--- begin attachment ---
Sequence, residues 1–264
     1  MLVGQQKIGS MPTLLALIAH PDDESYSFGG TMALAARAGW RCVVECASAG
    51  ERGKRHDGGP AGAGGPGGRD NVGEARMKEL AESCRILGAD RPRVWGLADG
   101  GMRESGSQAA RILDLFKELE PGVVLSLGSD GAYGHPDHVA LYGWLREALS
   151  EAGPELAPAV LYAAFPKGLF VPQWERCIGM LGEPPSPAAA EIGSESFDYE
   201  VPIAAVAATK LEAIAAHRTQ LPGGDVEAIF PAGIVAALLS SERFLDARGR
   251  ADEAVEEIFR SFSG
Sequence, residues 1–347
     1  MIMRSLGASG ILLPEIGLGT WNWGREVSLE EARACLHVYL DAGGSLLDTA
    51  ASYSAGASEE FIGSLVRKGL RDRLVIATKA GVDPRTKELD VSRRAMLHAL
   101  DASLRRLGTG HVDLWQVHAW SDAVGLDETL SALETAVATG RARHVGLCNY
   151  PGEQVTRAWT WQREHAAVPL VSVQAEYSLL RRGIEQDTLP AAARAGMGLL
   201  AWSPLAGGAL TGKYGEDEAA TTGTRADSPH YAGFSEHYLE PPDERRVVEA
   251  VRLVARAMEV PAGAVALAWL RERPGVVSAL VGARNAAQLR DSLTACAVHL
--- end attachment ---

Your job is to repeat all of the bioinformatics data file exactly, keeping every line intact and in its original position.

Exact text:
Sequence, residues 1–264
     1  MLVGQQKIGS MPTLLALIAH PDDESYSFGG TMALAARAGW RCVVECASAG
    51  ERGKRHDGGP AGAGGPGGRD NVGEARMKEL AESCRILGAD RPRVWGLADG
   101  GMRESGSQAA RILDLFKELE PGVVLSLGSD GAYGHPDHVA LYGWLREALS
   151  EAGPELAPAV LYAAFPKGLF VPQWERCIGM LGEPPSPAAA EIGSESFDYE
   201  VPIAAVAATK LEAIAAHRTQ LPGGDVEAIF PAGIVAALLS SERFLDARGR
   251  ADEAVEEIFR SFSG
Sequence, residues 1–347
     1  MIMRSLGASG ILLPEIGLGT WNWGREVSLE EARACLHVYL DAGGSLLDTA
    51  ASYSAGASEE FIGSLVRKGL RDRLVIATKA GVDPRTKELD VSRRAMLHAL
   101  DASLRRLGTG HVDLWQVHAW SDAVGLDETL SALETAVATG RARHVGLCNY
   151  PGEQVTRAWT WQREHAAVPL VSVQAEYSLL RRGIEQDTLP AAARAGMGLL
   201  AWSPLAGGAL TGKYGEDEAA TTGTRADSPH YAGFSEHYLE PPDERRVVEA
   251  VRLVARAMEV PAGAVALAWL RERPGVVSAL VGARNAAQLR DSLTACAVHL